All three films have this obsession with pop music as a shortcut to its characters — the techno sheen of New Order, Depeche Mode or Falco soundtracking the late-eighties decadence of Atomic Blonde ends up as more of a mood-setting distraction from the film’s energy; the blues and soul references of The Hitman’s Bodyguard over-signify the “realness” of Jackson’s character, all but drowning an unexpectedly bombastic score that is itself pulling the film down. Baby Driver is the one where the music feels actually organic, with the idea of Baby setting its getaway runs to iPod playlists synchronized to the second being the film’s saving grace. Baby Driver isn’t so much directed as it is choreographed.

But Wright’s is also the one film that runs the risk of settling in with the fetishism of 1960s obscure soul sides and “those were the days” analog (or in this case early digital) technology. It’s the one film that tries to take up Tarantino’s blueprint and do something different with it — kind of Tarantino 101 for PG-13 audiences — and though it fails, it’s a worthy shot, much helped by the way its actors flesh out the archetypes Wright’s given them, from Kevin Spacey’s phlegmatic boss to Jamie Foxx’s quiet psychopath. That’s what makes it a shame when it descends into cluelessness and anarchy in its third, endless act (all three films extend their welcome by at least 30 minutes, most visibly in The Hitman’s Bodyguard’s continuous piling-on of false cliffhangers).

Where does this leave Paul Schrader? Dog Eat Dog is a late addition to this list, but it is an addition that has some of the Tarantino pedigree I’ve been skirting around. It is based on a novel by the late ex-con and character actor Eddie Bunker, Mr. Blue in Reservoir Dogs and author of the book that inspired Straight Time; and its juxtaposition of high-gloss genre and deadpan satire, of self-image colliding head-on with reality, is straight out of Tarantino’s crime inspirations.

Like Baby Driver, it’s another “last-heist-and-we’re-out” film, with three clueless ex-cons way in over their heads: fresh out of jail, utterly dislikeable people looking for some sort of redemption, but denied it by their utter incompetence at their chosen trade. Fall and redemption is a recurrent motif in Schrader’s work, both as a screenwriter and as a director; and, as all of his films, Dog Eat Dog is essentially an actor’s piece, with his regular collaborator Willem Dafoe all but stealing the film with a haunted, mercurial performance as the trigger-happy psychopathic Mad Dog. Even Nicolas Cage, carried over from Schrader’s previous, ill-fated Dying of the Light, is a cut above his usual phone-ins, his tired heavy-handedness making sense in this tale of lambs heading to the slaughter of their own accord.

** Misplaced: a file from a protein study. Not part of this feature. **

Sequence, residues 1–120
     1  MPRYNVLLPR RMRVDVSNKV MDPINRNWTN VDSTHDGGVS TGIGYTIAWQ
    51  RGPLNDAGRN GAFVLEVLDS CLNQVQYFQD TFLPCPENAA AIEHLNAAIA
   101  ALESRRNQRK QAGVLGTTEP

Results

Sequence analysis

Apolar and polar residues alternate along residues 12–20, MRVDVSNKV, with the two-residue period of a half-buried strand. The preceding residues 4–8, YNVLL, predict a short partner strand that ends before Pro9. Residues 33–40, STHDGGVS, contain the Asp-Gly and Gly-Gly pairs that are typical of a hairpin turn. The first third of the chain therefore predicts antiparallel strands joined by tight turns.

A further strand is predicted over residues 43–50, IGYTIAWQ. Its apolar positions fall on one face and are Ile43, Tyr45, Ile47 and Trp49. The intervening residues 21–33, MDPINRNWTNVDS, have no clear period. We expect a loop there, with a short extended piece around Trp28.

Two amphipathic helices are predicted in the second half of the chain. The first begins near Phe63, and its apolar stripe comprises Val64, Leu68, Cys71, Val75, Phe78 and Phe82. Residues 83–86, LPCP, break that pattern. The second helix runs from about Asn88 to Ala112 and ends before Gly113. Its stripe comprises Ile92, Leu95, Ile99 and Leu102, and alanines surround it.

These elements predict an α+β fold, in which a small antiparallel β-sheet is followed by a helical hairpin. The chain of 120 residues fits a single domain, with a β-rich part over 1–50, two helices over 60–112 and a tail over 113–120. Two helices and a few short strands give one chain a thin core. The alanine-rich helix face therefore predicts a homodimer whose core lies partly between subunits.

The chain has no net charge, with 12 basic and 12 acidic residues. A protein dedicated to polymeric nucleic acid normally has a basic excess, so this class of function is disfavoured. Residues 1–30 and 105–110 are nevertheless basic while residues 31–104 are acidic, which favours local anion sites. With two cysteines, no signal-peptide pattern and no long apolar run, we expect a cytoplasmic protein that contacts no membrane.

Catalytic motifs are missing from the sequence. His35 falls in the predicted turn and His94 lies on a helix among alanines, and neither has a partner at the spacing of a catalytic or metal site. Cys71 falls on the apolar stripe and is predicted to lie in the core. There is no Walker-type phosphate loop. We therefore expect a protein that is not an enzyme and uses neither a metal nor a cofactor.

But Dog Eat Dog isn’t so much an actioner as an intriguingly grotesque carnival of a black comedy that veers wildly between the outrageous and the tragic, held together by the performances and Schrader’s sheer glee in breaking the rules. You can read it as an acid nightmare of modern-day criminal America, and the director wouldn’t disavow it, but he’d point out this was made as a palate-cleanser after the bad taste of Dying of the Light being removed from Schrader’s hands and hacked by the producers. If Baby Driver is a kind of Tarantino 101 for PG-13 audiences, Dog Eat Dog explores the limits of bad taste and low budget to see how far you can get away with if you want to go that far. It turns out Schrader did go far, just in another, and not as satisfying, direction.

Directed by David Leitch; written by Kurt Johnstad, based on the comic-book by Anthony Johnston and Sam Hart; starring Charlize Theron, James McAvoy, John Goodman, Til Schweiger, Eddie Marsan, Sofia Boutella and Toby Jones; US, 2017, 115 minutes (Focus Features/Sierra Pictures)

Directed by Patrick Hughes; written by Tom O’Connor; starring Ryan Reynolds, Samuel L. Jackson, Gary Oldman, Salma Hayek, Élodie Yung, Joaquim de Almeida and Richard E. Grant; US/BG/HK, 2017, 118 minutes (Lionsgate/Summit Entertainment/Millennium Media)

Directed and written by Edgar Wright; starring Ansel Elgort, Kevin Spacey, Lily James, Jon Bernthal, Jon Hamm and Jamie Foxx; US/GB, 2017, 112 minutes (Tristar/Sony Pictures)

Directed by Paul Schrader; written by Matthew Wilder, based on the novel by Edward Bunker; starring Nicolas Cage, Willem Dafoe, Christopher Matthew Cook, Omar Dorsey, Louisa Krause, Melissa Bolona, Rey Gallegos and Chelcie Melton; GB/US/CN, 2015, 93 minutes (RLJ Entertainment/Arclight Films)


Popular Posts